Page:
COVID-19 pandemic has forever impacted life of Montreal Alouettes star and his family

Montreal Alouettes' Henoc Muamba rushes in to tackle Saskatchewan Roughriders' Marcus Thigpen during first half CFL action in Montreal on September 30, 2018. THE CANADIAN PRESS/Peter McCabe

The COVID-19 pandemic has forever left its mark on Montreal Alouettes linebacker Henoc Muamba and his family.

Mamba's mother-in-law, Elizabeth Tweneboah, died in June after contracting the novel coronavirus. She was 66.

That resulted in Muamba and his wife, Jessica _ who's expecting their second child any time now _ becoming the primary caregivers for Muamba's 27-year-old sister-in-law, Joyce, who has some disabilities and endured mental health issues.

The pandemic also cost Muamba, 31, financially as the CFL didn't play last year. But that certainly pales in comparison to what Muamba - who was born in the Democratic Republic of Congo and raised in Mississauga, Ont. - and his family continue to deal with.

"It's definitely challenged all of us to grow in many ways ... and rethink our times together," Muamba said in a phone interview. "One of the things my wife and I have been intentional about, as of late, is just being present in the moment.

"You never know how fleeting life is and I think it's a great reminder of not only being present in each moment that you spend with loved ones but also just remembering those people."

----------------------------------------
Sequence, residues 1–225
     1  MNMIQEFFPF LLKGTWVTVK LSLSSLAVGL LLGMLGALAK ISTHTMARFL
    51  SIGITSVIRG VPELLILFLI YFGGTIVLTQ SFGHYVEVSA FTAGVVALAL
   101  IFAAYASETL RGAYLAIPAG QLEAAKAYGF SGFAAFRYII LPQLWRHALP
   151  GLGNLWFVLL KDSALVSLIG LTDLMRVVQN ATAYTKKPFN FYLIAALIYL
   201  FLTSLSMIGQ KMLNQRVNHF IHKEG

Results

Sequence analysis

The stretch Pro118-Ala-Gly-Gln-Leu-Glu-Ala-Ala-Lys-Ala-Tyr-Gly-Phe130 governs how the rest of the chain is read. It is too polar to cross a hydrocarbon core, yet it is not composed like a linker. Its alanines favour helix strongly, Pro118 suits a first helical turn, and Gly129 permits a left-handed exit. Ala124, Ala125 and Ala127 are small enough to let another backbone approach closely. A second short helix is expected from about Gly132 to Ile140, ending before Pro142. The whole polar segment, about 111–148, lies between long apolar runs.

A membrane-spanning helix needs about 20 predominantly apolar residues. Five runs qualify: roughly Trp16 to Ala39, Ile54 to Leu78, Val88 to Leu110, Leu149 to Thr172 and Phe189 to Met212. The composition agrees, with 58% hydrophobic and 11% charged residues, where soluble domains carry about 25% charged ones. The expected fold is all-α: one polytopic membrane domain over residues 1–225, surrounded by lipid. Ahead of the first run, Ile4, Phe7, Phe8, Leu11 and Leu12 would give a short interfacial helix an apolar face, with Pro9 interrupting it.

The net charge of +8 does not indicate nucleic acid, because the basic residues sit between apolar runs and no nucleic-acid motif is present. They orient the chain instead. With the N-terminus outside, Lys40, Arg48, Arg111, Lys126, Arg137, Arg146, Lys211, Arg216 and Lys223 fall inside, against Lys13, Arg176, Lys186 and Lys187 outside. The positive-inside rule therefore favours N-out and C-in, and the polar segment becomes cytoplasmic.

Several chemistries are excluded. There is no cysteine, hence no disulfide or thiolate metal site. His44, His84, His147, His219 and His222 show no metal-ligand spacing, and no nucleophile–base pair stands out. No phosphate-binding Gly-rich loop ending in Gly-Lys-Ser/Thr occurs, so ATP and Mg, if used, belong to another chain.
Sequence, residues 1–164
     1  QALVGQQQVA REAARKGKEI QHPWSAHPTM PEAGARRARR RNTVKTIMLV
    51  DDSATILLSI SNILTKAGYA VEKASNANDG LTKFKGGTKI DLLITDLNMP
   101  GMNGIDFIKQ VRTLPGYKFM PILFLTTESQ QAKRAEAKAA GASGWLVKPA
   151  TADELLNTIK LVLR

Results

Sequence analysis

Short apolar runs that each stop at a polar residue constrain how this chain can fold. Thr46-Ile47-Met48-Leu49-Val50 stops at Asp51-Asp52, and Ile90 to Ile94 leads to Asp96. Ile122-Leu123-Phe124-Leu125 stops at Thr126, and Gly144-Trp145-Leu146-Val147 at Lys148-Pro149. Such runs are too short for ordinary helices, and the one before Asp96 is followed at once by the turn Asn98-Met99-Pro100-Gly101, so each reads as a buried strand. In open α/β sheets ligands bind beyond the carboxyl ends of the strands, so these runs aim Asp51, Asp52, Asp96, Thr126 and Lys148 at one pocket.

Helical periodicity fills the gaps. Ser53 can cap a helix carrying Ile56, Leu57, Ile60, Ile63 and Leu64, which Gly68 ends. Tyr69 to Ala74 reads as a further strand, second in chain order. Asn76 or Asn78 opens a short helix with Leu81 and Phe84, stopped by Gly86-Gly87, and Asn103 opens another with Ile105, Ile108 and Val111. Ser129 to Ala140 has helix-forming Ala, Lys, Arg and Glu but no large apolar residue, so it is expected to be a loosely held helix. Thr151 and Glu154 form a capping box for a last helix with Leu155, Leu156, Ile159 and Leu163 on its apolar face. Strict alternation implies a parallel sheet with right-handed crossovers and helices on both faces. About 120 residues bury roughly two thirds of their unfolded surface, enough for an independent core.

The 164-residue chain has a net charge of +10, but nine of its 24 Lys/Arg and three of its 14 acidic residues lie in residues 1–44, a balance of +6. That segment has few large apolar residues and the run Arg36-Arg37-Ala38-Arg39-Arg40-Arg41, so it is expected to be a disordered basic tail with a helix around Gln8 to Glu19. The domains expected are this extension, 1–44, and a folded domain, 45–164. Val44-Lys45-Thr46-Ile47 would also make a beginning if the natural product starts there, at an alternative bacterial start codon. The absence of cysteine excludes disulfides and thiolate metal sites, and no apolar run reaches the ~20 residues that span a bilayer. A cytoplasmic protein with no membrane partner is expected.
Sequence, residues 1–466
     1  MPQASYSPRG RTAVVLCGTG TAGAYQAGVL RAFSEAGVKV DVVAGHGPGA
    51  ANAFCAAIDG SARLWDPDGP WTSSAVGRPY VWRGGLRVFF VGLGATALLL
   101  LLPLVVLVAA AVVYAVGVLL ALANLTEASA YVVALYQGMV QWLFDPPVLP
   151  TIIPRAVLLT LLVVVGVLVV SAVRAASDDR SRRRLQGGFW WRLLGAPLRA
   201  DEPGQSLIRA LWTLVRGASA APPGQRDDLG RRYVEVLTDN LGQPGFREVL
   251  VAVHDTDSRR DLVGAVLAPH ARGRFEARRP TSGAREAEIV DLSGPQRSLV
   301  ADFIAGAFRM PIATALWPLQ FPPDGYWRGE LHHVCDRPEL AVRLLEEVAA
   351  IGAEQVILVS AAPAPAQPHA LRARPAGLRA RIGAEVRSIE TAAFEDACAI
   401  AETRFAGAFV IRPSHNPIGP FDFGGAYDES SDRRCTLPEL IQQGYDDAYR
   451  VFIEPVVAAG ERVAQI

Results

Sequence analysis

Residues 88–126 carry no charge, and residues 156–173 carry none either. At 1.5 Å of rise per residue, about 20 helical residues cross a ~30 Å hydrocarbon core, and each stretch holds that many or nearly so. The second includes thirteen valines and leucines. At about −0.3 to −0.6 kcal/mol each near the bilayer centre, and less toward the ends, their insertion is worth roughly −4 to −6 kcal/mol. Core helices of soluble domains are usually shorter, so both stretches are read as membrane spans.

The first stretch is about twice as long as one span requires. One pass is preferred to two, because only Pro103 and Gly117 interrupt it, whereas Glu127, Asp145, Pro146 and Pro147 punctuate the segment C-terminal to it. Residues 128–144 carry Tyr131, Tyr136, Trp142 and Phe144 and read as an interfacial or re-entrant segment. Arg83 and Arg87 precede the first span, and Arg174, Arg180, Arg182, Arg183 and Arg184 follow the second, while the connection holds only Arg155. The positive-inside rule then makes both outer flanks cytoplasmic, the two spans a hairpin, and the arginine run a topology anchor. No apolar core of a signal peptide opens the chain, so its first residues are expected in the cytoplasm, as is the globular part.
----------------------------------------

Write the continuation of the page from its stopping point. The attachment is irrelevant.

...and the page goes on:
Muamba's mother- and sister-in-law both lived downstairs in the family's Brampton, Ont., residence. Muamba said Tweneboah began suffering body aches initially before the family took her to hospital as a precaution.

But upon arrival, Tweneboah was admitted immediately. On the same day, the Muambas learned they'd be having a second child.

Henoc Muamba said while Tweneboah was a diabetic, she'd shown no signs of being ill.

"She'd been healthy, strong," he said. "She'd had her business (beauty supplies store) and even after that she was doing things, she never liked staying still.

"She was just an entrepreneur at heart ... she'd always be talking about it and we'd laugh and tell her, 'Man, you have to learn how to rest,' and she'd say, 'What do I need to rest for? I have a lot of energy and I'm going to continue doing this.' She always found people to help. That was her, that was her heart."

But Muamba said after a few days in hospital, Tweneboah was put on a ventilator. She died roughly two weeks after being admitted.

Muamba, his wife, and sister-in-law all underwent COVID-19 testing. While Muamba's result was negative, his wife and sister-in-law were both positive but they're fine now after following quarantine protocols.

However, family couldn't visit Tweneboah in hospital.

"That was extremely difficult," Muamba said. "But we're a family of faith and I think that's one of the things that's really been our backbone and kept us strong.

"But the passing of my mother-in-law may change a lot for me and my family because her presence was a big reason why I was able to practically play football anywhere in Canada. I knew my wife and daughter were in very, very good hands. There's nothing like a mother's help and that gave me great peace playing in Montreal and leaving my family here."

Muamba said Tweneboah packed a lot of living into her 66 years.

"She was an amazing woman who impacted so many people and I don't just say that because of the circumstances," he said. "She was originally from Ghana and was a pillar of the Ghanaian community.